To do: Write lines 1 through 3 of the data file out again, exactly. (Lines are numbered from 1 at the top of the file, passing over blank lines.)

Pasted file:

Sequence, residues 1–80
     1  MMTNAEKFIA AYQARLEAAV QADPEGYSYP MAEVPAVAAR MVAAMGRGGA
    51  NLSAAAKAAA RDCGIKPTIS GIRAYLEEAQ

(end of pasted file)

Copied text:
Sequence, residues 1–80
     1  MMTNAEKFIA AYQARLEAAV QADPEGYSYP MAEVPAVAAR MVAAMGRGGA
    51  NLSAAAKAAA RDCGIKPTIS GIRAYLEEAQ